So that’s why I’m asking you – do you volunteer?  What experiences have you found to be the most valuable?  What organizations would you recommend?   What are your stories of volunteering?  I’d love to know.

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Remember – It’s Your Story

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This is the fourth week we are talking about storytelling.  Why?  Because it is so powerful in getting your message heard and remembered.  Did you know that an audience is twenty times more likely to remember a fact if it is presented as part of a story that touches them emotionally (this is according to Jerome Bruner, cognitive psychologist).

But does it really matter who said it?  Just think about some of the lessons and techniques you have learned recently.  Do you remember the Power Point and graphs and charts – or do you remember the stories that you identified with.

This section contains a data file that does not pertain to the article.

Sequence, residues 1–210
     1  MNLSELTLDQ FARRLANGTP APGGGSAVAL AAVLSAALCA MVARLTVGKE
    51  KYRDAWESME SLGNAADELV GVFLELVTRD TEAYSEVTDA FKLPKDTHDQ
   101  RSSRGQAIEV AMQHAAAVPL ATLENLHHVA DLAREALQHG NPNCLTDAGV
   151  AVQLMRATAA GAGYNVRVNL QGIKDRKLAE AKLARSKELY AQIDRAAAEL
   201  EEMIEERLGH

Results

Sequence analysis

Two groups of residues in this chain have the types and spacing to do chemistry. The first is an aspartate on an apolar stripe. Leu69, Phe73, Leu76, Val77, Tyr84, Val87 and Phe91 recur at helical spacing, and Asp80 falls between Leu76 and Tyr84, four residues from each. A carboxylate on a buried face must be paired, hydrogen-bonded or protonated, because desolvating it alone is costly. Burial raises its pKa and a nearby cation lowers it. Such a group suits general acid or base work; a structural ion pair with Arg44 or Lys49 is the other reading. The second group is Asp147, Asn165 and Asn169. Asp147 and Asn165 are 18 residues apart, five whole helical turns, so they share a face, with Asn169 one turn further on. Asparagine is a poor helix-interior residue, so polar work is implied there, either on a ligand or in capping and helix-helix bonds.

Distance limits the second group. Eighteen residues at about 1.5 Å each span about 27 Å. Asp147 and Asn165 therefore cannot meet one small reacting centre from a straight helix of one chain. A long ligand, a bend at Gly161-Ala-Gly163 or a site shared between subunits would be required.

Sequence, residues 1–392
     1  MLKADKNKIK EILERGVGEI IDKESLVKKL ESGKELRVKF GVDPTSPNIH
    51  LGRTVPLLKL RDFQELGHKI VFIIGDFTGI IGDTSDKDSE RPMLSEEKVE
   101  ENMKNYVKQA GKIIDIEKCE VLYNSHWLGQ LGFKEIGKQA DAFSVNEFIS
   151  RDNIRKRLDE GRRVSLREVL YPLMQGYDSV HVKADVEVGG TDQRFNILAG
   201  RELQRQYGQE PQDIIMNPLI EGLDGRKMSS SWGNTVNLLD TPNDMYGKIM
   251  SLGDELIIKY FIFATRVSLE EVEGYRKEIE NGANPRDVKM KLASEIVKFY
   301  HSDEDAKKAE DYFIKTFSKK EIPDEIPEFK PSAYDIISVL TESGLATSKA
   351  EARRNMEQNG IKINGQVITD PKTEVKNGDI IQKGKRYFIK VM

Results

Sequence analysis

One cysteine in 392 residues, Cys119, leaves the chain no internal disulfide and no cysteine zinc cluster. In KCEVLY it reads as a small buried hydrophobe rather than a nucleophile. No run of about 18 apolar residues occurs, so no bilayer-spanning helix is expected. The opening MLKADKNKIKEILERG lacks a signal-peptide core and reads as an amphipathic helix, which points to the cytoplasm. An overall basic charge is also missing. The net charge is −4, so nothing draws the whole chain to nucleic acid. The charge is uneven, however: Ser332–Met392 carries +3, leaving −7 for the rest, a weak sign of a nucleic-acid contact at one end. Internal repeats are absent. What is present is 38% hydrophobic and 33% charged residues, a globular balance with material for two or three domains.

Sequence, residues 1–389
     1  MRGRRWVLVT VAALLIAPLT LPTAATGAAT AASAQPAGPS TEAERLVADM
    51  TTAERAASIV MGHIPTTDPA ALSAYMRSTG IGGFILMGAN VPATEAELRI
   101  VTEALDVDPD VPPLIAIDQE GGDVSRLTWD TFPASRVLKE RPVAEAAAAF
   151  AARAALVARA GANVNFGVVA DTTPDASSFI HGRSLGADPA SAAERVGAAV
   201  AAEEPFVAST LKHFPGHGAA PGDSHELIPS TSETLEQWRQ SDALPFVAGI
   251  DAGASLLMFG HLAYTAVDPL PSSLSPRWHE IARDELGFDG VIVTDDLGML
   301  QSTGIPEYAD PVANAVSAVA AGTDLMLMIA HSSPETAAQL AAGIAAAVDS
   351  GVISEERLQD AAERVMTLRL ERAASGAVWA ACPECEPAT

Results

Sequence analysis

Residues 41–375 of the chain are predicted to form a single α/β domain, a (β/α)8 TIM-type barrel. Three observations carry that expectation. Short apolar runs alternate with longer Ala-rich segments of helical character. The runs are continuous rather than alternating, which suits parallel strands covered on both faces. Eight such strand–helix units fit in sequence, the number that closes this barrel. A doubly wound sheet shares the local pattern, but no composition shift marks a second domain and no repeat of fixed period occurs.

So in order to be a great storyteller, let’s take it to the next level…

So far, I have shared with you techniques on where to find your stories and how to construct them to have your audience sitting on the edge of their seats.  Now there’s only one more bonus tip you need.  It will help you become one of the best storytellers ever!  The final tip is how to remember your story so you can make an impact on your audience.

Bonus Tip!

To help remember your story:

  • Record it and listen to it over and over again.
  • As you listen to your story, visualize it.
  • Say it out loud as many times as possible.